Mangrove snappers, sometimes called Mangrove snook, are some of the larger saltwater fish in the sport fishing market. Mangrove snapper will range from ten to thirty pounds, but many are held in tanks exclusively on a 2.5 inches mesh cage and won’t reach that weight. Generally you drop your mangrove in mid-season but often tend to leave the larger northern half of their fish in fresh water for the winter season. They return to the ocean in the spring. Here are the rules for keeping them for tournament size.
Mangrove snapper size limit – I’m not going to guess the number of times a sport fisherman has used these when fishing in deeper water (greater than ten feet) with a small boat. I honestly don’t know, but from personal experience they’re hard to catch and don’t eat very much. I’ve fished many times in deeper waters with jigs and not had much success. If you’re fishing for mangrove snapper on a large jig try to fish these in clear areas without shaded areas or weed beds. The weed beds are excellent cover for the larger fish and make mangrove snapper easier to catch. Use these when fishing deep waters with bigger boats.
Mangrove snapper fishing should be a no-brainer to use if you plan on catching mangrove snapper. You’re already going to need enough mangrove wood to support the fish and you’ll also need an inshore rig to attach it to. This is all the equipment you need for inshore saltwater fishing of course. There are also a lot of nice accessories you can get that will help you optimize your catches.
Some other nice accessories include live bait, jiggers, floating devices, plugs and treble hooks. But before you go out and purchase all those things, why not first try using some free convertershow guides. These are available at your nearest sporting good stores, through your online connection, or right here on line. You can get some real handy tips for maximizing your mangrove catches with these guides. These are also great for inshore saltwater fishing too.
To qualify as a species of interest for Florida fishing laws, mangroves and other saltwater species have to be: gray, white, red, black or blue in color. Gray indicates that the snapper has lost its dorsal fin and may have lost the olive colored upper body. White means that the snapper has lost its tail, but the olive colored background of the body remains. Black and blue have to be visually examined for any missing fins.
The second thing you should know about fishing with restrictions in mind is that if you fish with artificial gear, you will need to adhere to specific possession limits. Artificial baits are restricted to one fish. This means that you can only own one fish or your possession limit is ten. If you have more than one fishing tackle box and you bring in more than one artificial lure, then you could be in violation of possession limits. This does not mean you cannot have more than one however, you will need to account for the additional weight of the additional lures when adding them to your tackle box.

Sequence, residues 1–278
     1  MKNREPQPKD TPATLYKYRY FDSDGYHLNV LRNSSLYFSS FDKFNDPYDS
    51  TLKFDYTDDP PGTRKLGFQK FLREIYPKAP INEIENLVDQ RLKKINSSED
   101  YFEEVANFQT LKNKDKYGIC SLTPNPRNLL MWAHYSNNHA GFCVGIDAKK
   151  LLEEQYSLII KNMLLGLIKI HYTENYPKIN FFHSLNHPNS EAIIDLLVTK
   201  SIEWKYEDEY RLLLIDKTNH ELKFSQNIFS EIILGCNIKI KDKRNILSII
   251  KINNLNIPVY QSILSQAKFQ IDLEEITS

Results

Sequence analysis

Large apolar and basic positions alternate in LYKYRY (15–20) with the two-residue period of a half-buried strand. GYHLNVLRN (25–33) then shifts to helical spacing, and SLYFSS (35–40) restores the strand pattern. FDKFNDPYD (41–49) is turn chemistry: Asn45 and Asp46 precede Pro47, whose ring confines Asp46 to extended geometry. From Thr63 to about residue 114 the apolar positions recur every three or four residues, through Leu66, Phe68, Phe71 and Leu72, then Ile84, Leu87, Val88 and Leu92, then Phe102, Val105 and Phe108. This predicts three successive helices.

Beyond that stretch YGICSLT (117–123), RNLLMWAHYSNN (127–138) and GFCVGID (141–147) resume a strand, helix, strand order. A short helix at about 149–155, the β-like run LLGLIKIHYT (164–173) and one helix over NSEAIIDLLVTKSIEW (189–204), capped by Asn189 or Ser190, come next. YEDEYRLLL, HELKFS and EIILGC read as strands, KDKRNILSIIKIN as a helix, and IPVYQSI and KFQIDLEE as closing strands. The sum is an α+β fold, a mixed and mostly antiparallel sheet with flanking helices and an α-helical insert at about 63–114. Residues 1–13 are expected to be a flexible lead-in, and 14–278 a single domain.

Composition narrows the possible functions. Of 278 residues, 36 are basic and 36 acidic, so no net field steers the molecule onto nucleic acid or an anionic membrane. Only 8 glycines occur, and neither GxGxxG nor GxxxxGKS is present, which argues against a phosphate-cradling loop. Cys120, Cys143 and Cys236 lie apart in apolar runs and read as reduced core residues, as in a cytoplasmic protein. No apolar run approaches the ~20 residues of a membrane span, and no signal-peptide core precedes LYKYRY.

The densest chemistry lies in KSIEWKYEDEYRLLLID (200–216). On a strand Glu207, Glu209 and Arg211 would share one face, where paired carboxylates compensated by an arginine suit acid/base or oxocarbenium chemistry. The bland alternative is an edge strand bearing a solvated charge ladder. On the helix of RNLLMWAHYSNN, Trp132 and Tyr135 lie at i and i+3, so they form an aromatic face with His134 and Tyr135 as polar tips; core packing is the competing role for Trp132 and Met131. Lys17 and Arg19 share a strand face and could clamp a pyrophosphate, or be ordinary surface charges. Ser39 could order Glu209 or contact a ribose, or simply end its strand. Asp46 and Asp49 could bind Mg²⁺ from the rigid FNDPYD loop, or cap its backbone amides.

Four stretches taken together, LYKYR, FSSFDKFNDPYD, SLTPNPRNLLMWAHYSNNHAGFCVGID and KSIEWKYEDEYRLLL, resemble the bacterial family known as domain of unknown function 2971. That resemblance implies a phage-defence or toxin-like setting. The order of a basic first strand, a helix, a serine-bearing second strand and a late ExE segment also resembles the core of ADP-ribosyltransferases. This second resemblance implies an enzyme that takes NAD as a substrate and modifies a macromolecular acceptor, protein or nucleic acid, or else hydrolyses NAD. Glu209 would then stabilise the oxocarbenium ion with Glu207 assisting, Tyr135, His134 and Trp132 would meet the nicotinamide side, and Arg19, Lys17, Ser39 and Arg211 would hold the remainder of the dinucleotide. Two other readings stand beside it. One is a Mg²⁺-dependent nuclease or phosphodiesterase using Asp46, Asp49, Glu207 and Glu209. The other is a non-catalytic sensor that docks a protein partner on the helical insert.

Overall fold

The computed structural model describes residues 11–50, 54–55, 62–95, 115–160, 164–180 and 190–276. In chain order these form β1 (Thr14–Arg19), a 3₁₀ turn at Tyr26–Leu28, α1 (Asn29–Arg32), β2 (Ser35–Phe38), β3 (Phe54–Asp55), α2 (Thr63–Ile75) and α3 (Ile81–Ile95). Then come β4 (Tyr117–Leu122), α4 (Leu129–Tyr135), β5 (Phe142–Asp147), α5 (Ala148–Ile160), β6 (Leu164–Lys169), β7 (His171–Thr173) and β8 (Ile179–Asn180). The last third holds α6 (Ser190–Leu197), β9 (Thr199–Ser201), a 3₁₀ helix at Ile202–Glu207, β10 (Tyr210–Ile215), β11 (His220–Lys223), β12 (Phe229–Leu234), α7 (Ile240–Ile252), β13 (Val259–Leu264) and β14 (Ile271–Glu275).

In addition to knowing the mangrove snapper size limit in the state of Florida, you must know what the limits are for inshore fishing too. There are specific rules that regulate inshore fishing. To qualify, you will need to be over nine pounds of lean weight. You will also need to be over 14 inches in length and over nine inches in girth. Both the inshore and offshore limits are implemented based on the size of the trawl nets that are used to determine how many fish can be caught.
The third thing to keep in mind is that it is important to understand how your particular fishing technique affects the limits. The size and weight of a fish has a lot to do with how you are fishing. If you use a bait with a lot of open water, the chances of catching a fish with a mangrove snapper size limit increase. On the other hand, if you cast into an area that has lots of sunken reefs, then you are likely fishing with less than you would with live bait. A good example of this is when a mangrove snapper is originally brought into the area, then stocked with bait and allowed to grow, then allowed to sit, then harvested. This technique is best reserved for mangrove snapper that have a very large body size because they can eat through or around anything placed around them.